influence on the various native Iranian languages. Aramaic script and,
as ideograms, Aramaic vocabulary would survive as the essential
characteristics of the Pahlavi scripts.
One of the largest collections of Imperial Aramaic texts is that of
Persepolis fortification tablets, which number about five
hundred. Many of the extant documents witnessing to this form of
Aramaic come from Egypt,
Elephantine in particular (see: Elephantine
papyri). Of them, the best known is the Wisdom of Ahiqar, a book of
instructive aphorisms quite similar in style to the biblical Book of
Achaemenid Aramaic is sufficiently uniform that it is often difficult
to know where any particular example of the language was written. Only
careful examination reveals the occasional loanword from a local
A group of thirty Aramaic documents from
Bactria has been discovered,
and an analysis was published in November 2006. The texts, which were
rendered on leather, reflect the use of Aramaic in the 4th century BC
Achaemenid administration of
Bactria and Sogdia.
Old Aramaic and
Biblical Hebrew both form part of the group of
Northwest Semitic languages, and during antiquity, there may still
have been substantial mutual intelligibility. In the Pesahim, Tractate
87b, Hanina bar
Hama said that God sent the exiled Jews to Babylon
because "[the Babylonian] language is akin to the Leshon Hakodesh".
Alexander the Great
Alexander the Great bearing an
Aramaic language inscription
Bilingual inscription (Greek and Aramaic) by Ashoka, 3rd century BC at
The conquest by
Alexander the Great
Alexander the Great did not destroy the unity of
Aramaic language and literature immediately. Aramaic that bears a
relatively close resemblance to that of the 5th century BC can be
found right up to the early 2nd century BCE. The Seleucids imposed
Greek in the administration of
Mesopotamia from the start of
their rule. In the 3rd century BCE, Greek overtook Aramaic as the
common language in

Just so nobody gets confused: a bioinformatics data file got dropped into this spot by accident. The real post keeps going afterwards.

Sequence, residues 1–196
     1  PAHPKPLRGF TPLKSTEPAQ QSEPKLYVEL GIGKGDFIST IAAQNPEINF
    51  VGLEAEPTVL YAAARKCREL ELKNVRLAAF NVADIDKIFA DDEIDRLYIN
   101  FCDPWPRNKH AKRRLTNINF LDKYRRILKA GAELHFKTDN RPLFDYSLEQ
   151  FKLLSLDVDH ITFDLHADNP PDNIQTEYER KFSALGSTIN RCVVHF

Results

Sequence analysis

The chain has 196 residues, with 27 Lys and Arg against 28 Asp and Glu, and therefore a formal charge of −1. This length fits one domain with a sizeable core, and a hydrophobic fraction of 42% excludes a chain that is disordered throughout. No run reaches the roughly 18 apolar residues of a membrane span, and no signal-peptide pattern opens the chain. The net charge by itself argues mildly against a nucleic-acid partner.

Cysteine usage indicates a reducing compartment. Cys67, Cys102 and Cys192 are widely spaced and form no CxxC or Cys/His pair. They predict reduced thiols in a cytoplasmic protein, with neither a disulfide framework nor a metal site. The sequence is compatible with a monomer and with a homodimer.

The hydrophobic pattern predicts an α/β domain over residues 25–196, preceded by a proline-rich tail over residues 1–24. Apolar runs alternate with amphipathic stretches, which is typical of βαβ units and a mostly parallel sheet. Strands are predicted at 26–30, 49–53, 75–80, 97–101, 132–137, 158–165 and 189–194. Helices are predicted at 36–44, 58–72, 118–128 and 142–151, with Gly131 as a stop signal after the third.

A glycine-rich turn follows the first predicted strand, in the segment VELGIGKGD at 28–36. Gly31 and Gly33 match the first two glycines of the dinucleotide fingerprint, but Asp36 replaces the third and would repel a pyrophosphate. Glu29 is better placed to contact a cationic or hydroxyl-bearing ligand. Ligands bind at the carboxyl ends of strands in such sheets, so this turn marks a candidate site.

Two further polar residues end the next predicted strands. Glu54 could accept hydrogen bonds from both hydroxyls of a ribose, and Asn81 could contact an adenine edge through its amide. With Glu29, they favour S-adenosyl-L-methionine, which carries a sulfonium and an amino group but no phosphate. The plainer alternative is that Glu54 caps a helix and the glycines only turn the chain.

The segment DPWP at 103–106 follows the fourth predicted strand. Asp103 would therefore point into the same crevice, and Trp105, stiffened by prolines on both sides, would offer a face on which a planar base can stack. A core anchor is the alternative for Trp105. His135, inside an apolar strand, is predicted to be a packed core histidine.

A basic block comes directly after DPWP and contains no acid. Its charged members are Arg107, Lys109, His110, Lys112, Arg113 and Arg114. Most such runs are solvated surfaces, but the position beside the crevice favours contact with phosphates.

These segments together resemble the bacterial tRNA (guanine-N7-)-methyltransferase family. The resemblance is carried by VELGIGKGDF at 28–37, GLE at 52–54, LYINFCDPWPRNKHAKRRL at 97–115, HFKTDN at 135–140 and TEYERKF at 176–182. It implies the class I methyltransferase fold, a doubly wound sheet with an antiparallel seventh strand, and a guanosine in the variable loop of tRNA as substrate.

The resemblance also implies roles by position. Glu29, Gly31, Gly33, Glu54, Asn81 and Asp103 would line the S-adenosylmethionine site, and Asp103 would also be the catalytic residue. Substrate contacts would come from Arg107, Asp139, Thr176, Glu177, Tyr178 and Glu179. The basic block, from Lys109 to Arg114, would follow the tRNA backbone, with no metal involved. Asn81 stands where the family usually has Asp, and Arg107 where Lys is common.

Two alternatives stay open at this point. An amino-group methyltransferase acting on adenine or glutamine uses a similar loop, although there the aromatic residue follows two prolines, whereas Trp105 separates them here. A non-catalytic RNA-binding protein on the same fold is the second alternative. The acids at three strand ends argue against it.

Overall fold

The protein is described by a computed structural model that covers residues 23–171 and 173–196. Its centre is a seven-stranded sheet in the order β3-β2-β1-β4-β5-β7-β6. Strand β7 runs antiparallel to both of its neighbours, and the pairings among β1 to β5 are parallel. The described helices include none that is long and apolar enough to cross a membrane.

Egypt and Syria. However, a post-Achaemenid Aramaic
continued to flourish from Judaea, Assyria, Mesopotamia, through the
Syrian Desert and into northern Arabia and Parthia.
Biblical Aramaic is the term for the Aramaic passages interspersed in
the Hebrew Bible. These passages make for a small fraction of the
entire text (of the order of 1%), and most of it is due to the Aramaic
parts of the Book of Daniel:
Genesis 31:47 – translation of a Hebrew place-name.
Ezra 4:8–6:18 and 7:12–26 – documents from the Achaemenid
period (5th century BCE) concerning the restoration of the temple in
Jeremiah 10:11 – a single sentence in the middle of a Hebrew
text denouncing idolatry.
Daniel 2:4b–7:28 – five subversive tales and an apocalyptic
Biblical Aramaic is a somewhat hybrid dialect. It is theorized that
Biblical Aramaic material originated in both
Babylonia and Judaea
before the fall of the Achaemenid dynasty. According to historical
criticism, defiant Jewish propaganda shaped the Aramaic Book of Daniel
during Seleucid rule. These stories might have existed as oral
traditions at their earliest stage. This might be one factor that led
to differing collections of Daniel in the Greek
Septuagint and the
Masoretic Text, which presents a lightly Hebrew-influenced Aramaic.
Under the category of post-Achaemenid is Hasmonaean Aramaic, the
official language of the
Hasmonean dynasty of Judaea (142–37 BCE).
It influenced the
Biblical Aramaic of the
Qumran texts, and was the
main language of non-biblical theological texts of that community. The
major Targums, translations of the
Hebrew Bible into Aramaic, were
originally composed in Hasmonaean. Hasmonaean also appears in
quotations in the
Mishnah and Tosefta, although smoothed into its
later context. It is written quite differently from Achaemenid
Aramaic; there is an emphasis on writing as words are pronounced
rather than using etymological forms.
Babylonian Targumic is the later post-Achaemenid dialect found in the
Targum Onqelos and
Targum Jonathan, the "official" targums. The
original, Hasmonaean targums had reached
Babylon sometime in the 2nd
or 3rd century CE. They were then reworked according to the
contemporary dialect of